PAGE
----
The barbell squat has become an integral part of gym training. Though they might not rank as anyone’s favorite exercise, it’s hard to argue with the benefits they can provide. Strengthening your glutes and legs. All while working on your core.

But, while it’s popular, barbell squats do come with a list of potential risks. The movement is complex, more difficult than many other parts of your typical training routine. And getting it wrong can have serious consequences. Remember, you are putting a lot of weight on your lower spine. Get it wrong and you crush your back. Should something go wrong, the best-case scenario is that you can get out of the way in time. The worst-case scenario? Death. No, seriously. There have been cases of people getting their necks crushed under the weight of the dumbbell.

Before you take on this exercise, it’s vital that you know what you are doing. Take extra precautions to make sure that you are doing things safely. They could literally save your life. Here are the basics you need to know about performing a barbell squat safely.

What Are The Risks Of Barbell Squats?

Let’s start by walking through some of the reasons this exercise is considered so dangerous. As we discussed earlier, there is a lot of weight resting on your neck and lower back. A minor lapse in concentration can lead to major problems.

Plus, this movement can be difficult to complete. You’ll need to coordinate your whole body. Everything from the hips to the core will be involved. With so much going on, it can be easy to slip out of the correct form. From there, the risk of receiving a painful muscle strain injury dramatically increases.

Is It Worth The Risk?

We’ve just outlined the nasty injuries you could receive with a barbell squat. If done wrong, it can even prove fatal. This raises a big question. Is it even worth adding to your routine at all?

The answer is yes. There is a reason this is a fixture in the bodybuilding world. It offers unparalleled gains. Hit multiple muscle groups at the same time. Here are some of the benefits you can expect to unlock:

  • Stronger lower body, particularly around your knees, calves, and quads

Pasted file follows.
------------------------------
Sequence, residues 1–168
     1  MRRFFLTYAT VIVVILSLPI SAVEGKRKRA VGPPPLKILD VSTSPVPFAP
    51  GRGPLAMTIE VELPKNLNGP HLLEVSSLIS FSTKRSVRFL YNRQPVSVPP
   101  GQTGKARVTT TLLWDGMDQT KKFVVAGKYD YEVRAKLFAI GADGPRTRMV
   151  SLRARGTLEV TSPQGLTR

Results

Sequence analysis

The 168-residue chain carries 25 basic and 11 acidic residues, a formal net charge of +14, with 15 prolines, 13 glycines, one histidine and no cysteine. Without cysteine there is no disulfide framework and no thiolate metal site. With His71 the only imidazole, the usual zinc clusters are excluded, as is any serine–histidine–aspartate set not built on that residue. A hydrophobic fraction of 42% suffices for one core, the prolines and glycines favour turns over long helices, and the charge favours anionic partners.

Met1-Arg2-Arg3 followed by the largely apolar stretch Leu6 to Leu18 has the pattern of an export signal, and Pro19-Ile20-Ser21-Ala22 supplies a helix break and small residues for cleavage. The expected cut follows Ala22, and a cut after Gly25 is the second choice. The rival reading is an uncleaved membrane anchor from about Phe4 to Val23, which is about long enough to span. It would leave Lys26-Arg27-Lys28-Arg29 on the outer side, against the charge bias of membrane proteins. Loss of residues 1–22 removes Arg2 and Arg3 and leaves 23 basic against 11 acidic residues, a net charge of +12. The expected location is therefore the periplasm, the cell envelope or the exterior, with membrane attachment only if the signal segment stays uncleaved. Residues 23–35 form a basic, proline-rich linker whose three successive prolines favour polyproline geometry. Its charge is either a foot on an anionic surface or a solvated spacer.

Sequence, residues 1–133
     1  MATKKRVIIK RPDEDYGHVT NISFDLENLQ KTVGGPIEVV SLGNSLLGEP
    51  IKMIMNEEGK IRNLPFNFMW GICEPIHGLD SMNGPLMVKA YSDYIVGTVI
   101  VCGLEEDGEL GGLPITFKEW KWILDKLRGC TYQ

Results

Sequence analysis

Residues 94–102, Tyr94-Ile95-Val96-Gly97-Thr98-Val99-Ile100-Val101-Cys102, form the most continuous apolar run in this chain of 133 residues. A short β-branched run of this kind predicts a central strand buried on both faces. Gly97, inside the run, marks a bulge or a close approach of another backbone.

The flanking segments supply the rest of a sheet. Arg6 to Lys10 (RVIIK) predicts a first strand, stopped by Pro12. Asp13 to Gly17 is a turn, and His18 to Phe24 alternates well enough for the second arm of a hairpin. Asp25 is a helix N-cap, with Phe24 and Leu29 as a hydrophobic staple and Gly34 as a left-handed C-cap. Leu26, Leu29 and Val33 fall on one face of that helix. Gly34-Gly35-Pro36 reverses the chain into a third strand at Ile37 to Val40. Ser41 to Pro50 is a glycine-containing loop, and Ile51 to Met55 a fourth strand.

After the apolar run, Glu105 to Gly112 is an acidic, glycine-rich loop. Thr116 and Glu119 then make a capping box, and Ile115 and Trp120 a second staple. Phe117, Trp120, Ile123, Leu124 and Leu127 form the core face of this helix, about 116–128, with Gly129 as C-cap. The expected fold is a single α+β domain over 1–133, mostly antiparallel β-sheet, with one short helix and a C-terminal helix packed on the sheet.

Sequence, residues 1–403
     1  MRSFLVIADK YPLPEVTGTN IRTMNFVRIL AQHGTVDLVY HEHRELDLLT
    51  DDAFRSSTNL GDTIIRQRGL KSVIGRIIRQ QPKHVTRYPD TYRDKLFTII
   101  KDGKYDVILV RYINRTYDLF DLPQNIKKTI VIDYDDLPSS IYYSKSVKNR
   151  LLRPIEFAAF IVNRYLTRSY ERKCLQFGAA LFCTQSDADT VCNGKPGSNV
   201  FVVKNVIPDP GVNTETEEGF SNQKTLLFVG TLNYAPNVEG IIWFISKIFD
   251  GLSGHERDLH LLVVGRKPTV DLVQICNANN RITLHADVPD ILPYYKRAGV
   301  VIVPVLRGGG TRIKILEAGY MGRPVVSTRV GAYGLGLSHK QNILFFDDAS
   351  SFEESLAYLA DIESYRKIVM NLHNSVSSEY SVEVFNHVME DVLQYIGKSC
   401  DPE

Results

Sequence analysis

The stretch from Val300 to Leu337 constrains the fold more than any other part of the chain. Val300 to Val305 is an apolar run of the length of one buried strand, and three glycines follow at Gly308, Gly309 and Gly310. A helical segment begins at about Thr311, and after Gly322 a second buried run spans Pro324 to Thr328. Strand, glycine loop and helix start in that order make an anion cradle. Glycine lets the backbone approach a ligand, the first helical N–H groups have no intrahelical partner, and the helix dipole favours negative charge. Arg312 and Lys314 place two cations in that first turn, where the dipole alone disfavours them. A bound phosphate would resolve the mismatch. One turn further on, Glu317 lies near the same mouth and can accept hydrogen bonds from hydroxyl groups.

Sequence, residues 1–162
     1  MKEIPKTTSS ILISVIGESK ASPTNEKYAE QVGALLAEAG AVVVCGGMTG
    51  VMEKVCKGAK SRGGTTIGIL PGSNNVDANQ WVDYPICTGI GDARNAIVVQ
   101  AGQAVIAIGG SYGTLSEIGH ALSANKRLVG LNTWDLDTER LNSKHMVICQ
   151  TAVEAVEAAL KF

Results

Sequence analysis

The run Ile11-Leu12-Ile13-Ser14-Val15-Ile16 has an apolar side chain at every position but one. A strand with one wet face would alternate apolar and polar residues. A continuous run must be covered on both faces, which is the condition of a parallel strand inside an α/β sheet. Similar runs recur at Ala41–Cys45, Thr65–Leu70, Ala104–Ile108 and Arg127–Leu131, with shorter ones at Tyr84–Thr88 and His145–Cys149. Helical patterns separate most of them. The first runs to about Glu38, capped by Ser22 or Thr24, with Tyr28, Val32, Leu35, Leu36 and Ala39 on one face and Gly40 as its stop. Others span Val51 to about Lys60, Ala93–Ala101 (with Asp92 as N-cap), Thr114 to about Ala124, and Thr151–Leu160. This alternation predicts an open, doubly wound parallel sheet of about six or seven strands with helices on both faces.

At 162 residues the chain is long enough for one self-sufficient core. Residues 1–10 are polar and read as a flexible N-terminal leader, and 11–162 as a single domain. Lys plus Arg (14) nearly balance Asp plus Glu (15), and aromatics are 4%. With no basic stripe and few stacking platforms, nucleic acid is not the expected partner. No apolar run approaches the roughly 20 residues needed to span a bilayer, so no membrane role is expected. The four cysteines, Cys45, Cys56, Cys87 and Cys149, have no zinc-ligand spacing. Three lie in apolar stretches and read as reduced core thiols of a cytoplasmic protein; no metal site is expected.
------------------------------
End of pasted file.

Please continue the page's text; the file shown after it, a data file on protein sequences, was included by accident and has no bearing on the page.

• Working your core muscles
  • Adding more flexibility to your lower back
  • Helping to burn fat

But there are a few caveats. You need to be willing to put in the effort to learn how to perform the exercise properly. Take the steps to avoid injuring yourself. Use any safety equipment that the gym has provided.

How To Safely Perform the Barbell Squat

We’ve said numerous times that correct form is vital when doing this exercise. With this in mind, here are the steps to follow when performing the barbell squat:

  1. Find your perfect foot position. The first thing to do is decide the ideal position for your feet and hips. Start by holding a relatively light weight at chest height. Place your legs hip-width apart. Squat down. Notice how you feel. Adjust your foot position slightly and try again. Repeat until you find a position that allows you to achieve a comfortable low squat.
  2. Position the bar along your back. Get your feet set, then squat under the bar. The bar should be sitting in the traps of your lower back. Avoid the common mistake of resting the weight of the bar on your neck.
  3. Position your arms on the bar. Aim for a narrow grip, to give yourself the most stability. Again, it might take a little experimentation to find the right position. Get something that feels comfortable. You don’t want any wrist pain when you lift the bar.
  4. Lift the bar and position your feet. Lift the bar out of position with your legs and walk backward. Get into the comfortable squat stance.
  5. Brace yourself and squat. Before you begin squatting, you should tense your body. Then begin your squat, placing the pressure on your hamstrings. Aim for a deeper squat to get the most benefit. Control your form as you rise again. Ideally, your chest and your hips will rise at the same time.

It can help to go through this exercise with a professional. Let them critique your form and show you the right way to perform the squat.

Safety Tips When Performing The Barbell Squat

Aside from getting the right form, there are a few other things you can do to make sure that you are doing the squat safely.

Use A Spotter

Let’s start with the basics. You should always have a spotter on hand. They can grab the weight if you are struggling. But they’ll have to keep their eye on the ball. Wait a few seconds too long and you could be facing a harsh accident. Also, make sure that they know what to look for. Train them on the signs that you are struggling to lift the weight, so they can step in and take it for you. Talk through your history with this exercise and tell them the parts that you have had problems with in the past.

Don’t Skip The Warm Up

Preparation is vital to get your barbell squats right. In particular, you’ll need to make sure that you have warmed up your body properly. There are a few key areas that you should be focusing on. First, limber your hips up. Try some frog stretches or employ some resistance bands.

The next aspect to focus on is your legs. You don’t need to do an intensive workout. Just hop on the treadmill and do a light jog. Just enough to get the blood pumping.

It can also help to do some deep breathing exercises. These will help you work your core. Not only will these help you get your body and mind ready for the squats, but you’ll also be lessening the amount of muscle soreness you feel over the coming days.